Tom Kludt

Tom Kludt is a reporter for Talking Points Memo based in New York City, covering media and national affairs. Originally from South Dakota, Tom joined TPM as an intern in late-2011 and became a staff member during the 2012 election. He can be reached at tom@talkingpointsmemo.com.

Articles by Tom

Former Maine Gov. Angus King is a strong favorite to succeed outgoing Sen. Olympia Snowe (R-ME) and Maine voters appear poised to pass a referendum legalizing same-sex marriage, according to a poll released Monday.

The latest survey from MassInc Polling Group shows King, who served as governor from 1995-2003 and is running as an independent, with the support of 50 percent of likely voters — far outpacing Republican secretary of state Charlie Summers and Democratic state Sen. Cynthia Dill.  Summers claims the support of 23 percent, while Dill lags behind with only 9 percent.  King has not specified with which party he will caucus if elected, but he has endorsed President Barack Obama.  Snowe surprised many in February when she announced that she will not seek re-election.

The poll also shows 55 percent of voters support a referendum to legalize marriage between gay and lesbian couples, while only 36 percent oppose the proposed law.  If passed, the referendum will provide marriage licenses for same-sex couples without requiring any religion or clergy to perform a ceremony that would violate their religious doctrine.  In 2009, Maine voters repealed a law legalizing same-sex marriage.  

It seems that the confrontational questioning by The Daily Caller's Neil Munro, who made headlines Friday afternoon after interrupting President Barack Obama's news conference on a new immigration policy, was too subversive for a pair of Fox News personalities.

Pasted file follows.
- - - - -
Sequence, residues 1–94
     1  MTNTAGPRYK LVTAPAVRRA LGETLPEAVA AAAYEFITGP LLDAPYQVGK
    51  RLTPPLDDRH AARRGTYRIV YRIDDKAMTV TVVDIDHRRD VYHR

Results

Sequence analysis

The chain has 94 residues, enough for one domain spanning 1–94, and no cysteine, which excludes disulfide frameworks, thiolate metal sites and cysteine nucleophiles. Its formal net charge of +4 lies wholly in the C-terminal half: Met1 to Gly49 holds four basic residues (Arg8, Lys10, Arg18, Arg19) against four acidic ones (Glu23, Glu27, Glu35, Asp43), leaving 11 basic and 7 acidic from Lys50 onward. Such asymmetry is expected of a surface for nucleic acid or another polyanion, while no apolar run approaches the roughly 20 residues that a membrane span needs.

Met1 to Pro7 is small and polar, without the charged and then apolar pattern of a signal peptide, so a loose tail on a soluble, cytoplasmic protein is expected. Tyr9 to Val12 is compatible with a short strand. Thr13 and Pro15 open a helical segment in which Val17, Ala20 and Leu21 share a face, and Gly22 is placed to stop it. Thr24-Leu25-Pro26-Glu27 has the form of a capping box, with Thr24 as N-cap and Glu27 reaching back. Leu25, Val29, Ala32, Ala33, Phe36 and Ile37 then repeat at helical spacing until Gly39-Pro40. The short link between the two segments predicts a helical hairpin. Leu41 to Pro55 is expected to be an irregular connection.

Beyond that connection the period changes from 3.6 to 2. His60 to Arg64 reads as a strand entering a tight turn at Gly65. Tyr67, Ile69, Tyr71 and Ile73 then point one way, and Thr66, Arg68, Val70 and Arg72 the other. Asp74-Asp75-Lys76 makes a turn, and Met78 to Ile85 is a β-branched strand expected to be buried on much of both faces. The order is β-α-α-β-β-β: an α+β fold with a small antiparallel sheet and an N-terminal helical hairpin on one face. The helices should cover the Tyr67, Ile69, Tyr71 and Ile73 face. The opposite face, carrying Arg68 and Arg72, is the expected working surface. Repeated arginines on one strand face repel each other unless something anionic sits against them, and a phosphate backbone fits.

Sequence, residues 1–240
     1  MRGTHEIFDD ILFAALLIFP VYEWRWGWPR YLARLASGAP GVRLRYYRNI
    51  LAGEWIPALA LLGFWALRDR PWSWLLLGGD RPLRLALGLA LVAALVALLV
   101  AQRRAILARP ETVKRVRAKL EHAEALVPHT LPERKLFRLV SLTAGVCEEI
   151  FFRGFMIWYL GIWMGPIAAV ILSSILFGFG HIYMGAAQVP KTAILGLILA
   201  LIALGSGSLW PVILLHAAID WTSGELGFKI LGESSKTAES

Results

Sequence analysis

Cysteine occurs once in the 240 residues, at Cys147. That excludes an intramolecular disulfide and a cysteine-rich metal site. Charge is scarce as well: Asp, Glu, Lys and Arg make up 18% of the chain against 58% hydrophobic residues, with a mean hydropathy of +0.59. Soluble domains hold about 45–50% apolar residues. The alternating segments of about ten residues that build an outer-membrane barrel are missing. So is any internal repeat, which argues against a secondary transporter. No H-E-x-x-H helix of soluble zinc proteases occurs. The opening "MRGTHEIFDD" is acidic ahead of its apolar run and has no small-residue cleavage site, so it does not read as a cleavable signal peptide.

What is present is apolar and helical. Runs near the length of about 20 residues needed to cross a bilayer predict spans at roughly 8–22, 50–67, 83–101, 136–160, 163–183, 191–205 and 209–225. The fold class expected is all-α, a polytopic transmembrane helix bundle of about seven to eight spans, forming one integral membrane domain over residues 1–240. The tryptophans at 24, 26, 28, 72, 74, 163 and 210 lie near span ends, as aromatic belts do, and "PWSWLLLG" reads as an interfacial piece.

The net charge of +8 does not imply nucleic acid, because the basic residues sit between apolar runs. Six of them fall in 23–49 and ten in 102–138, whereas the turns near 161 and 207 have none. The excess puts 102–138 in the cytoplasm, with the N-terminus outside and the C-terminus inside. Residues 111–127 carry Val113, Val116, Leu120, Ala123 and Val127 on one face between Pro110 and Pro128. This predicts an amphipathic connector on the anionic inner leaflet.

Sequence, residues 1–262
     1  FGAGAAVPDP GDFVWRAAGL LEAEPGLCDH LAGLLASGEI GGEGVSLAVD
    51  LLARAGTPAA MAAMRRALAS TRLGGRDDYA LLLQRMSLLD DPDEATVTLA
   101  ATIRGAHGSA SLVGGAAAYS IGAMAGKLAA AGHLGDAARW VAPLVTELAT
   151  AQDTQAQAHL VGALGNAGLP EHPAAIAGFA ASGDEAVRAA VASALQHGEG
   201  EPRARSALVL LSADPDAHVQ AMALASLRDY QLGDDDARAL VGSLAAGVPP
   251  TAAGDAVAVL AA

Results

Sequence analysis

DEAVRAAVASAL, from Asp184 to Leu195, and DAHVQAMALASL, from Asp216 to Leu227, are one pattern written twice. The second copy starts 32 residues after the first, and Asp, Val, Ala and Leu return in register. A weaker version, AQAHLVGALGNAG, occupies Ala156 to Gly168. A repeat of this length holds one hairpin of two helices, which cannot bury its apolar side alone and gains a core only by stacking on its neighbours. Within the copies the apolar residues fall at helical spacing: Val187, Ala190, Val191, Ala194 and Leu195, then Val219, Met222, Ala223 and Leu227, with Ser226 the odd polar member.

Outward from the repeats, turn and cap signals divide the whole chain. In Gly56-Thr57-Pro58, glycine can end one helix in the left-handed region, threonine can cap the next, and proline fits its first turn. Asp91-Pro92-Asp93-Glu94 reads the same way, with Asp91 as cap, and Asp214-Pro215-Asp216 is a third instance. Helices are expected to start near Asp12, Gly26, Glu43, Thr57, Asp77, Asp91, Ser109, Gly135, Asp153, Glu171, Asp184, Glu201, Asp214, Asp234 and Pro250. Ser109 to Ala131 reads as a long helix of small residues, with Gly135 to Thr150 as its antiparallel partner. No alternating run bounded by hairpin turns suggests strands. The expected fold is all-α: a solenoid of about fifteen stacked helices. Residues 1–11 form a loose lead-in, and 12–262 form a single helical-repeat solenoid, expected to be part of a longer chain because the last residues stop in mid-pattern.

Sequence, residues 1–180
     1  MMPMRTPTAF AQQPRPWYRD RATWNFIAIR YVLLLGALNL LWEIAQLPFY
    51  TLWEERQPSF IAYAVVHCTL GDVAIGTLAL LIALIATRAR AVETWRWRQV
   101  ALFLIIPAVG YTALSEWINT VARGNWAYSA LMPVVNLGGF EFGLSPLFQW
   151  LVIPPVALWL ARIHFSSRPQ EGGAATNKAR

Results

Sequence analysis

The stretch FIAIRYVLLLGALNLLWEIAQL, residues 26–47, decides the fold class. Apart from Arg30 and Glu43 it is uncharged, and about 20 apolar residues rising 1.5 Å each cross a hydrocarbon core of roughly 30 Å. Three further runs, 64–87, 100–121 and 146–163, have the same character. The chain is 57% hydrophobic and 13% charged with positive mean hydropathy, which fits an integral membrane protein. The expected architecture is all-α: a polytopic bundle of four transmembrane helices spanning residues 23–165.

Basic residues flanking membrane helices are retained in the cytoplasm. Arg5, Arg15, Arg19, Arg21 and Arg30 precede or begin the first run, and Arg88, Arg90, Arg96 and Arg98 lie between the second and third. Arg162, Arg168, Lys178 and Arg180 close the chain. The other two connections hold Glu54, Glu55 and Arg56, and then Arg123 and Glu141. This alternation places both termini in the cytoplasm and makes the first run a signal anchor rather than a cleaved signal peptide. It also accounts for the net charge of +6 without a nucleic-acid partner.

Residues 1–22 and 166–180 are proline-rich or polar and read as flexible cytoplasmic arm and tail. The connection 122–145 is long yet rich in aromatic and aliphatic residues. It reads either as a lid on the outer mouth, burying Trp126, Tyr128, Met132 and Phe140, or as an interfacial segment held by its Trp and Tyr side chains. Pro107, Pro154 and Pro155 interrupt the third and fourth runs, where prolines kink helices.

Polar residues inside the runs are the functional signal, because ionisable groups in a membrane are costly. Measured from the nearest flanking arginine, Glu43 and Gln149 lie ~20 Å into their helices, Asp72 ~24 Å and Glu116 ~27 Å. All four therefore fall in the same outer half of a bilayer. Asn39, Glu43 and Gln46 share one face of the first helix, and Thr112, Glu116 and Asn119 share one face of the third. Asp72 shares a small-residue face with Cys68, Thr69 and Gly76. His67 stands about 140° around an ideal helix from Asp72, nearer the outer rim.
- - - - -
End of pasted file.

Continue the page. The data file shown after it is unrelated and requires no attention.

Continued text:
Appearing on "Studio B with Shepard Smith," Fox's Chris Wallace called Munro's antics "outrageous."  

"The idea that you would interrupt the president in the middle of prepared remarks and shout a question, I don't think the guy should be allowed back in the White House and my guess is he won't be," Wallace said.

Smith took issue with Tucker Carlson, a Fox News contributor and editor-in-chief of The Daily Caller, who defended Munro.

"I'm hoping maybe Tucker didn't see it, didn't know the context, 'cause Tucker knows better," Smith said.



A new ad from American Crossroads mocks President Barack Obama's Thursday speech in Cleveland with an homage to the unintelligible, muffled voices of Charlie Brown's teachers in the "Peanuts."  The ad, titled "Wah Wahh," includes several clips from Obama's speech, each followed by a "translation" of the president's message.


CBS News reports that Jerry Sandusky is expected to take the stand when the defense begins its case Monday in the child sex abuse trial of the former Penn State assistant football coach.  The prosecution ended its case Thursday with graphic testimony from an accuser who said Sandusky raped him several times.    

The BBC reports:

The head of the UN Supervision Mission in Syria (UNSMIS) says there appears to be a "lack of willingness" on the two sides to seek a peaceful transition.

Maj-Gen Robert Mood said violence had risen over the past 10 days, causing losses on both sides and putting his unarmed observers at significant risk.

The Norwegian said there was a "push towards advancing military positions".

Activists have said troops are shelling opposition-held areas and fighting rebels in several parts of the country.

President Barack Obama raked in about $2 million for his re-election campaign at a fundraiser held at the Manhattan home of actors Sarah Jessica Parker and Matthew Broderick.  A number of high-profile figures attended the much-hyped fundraiser, including three-time Oscar winner Meryl Streep and Vogue editor Anna Wintour.  Parker and Wintour both starred in web videos earlier this month to promote the event.  

Judges on the Richmond Circuit Court on Thursday appointed an openly gay judge to the General District Court bench a month after the Virginia House of Delegates rejected his nomination.  Tracy Thorne-Begland told the Richmond Times-Dispatch that he is "humbled" by the court's appointment.  

"I look forward to serving the citizens of the city of Richmond as a jurist and, over the coming months, I hope that my service provides comfort to all Virginians that I remain committed to the faithful application of the laws and constitutions of Virginia and the United States of America," Thorne-Begland said.

The rejection by the Republican-controlled House of Delegates was viewed by some as a discriminatory decision.  However, Republican Gov. Bob McDonnell's office said he supports the appointment of Thorne-Begland.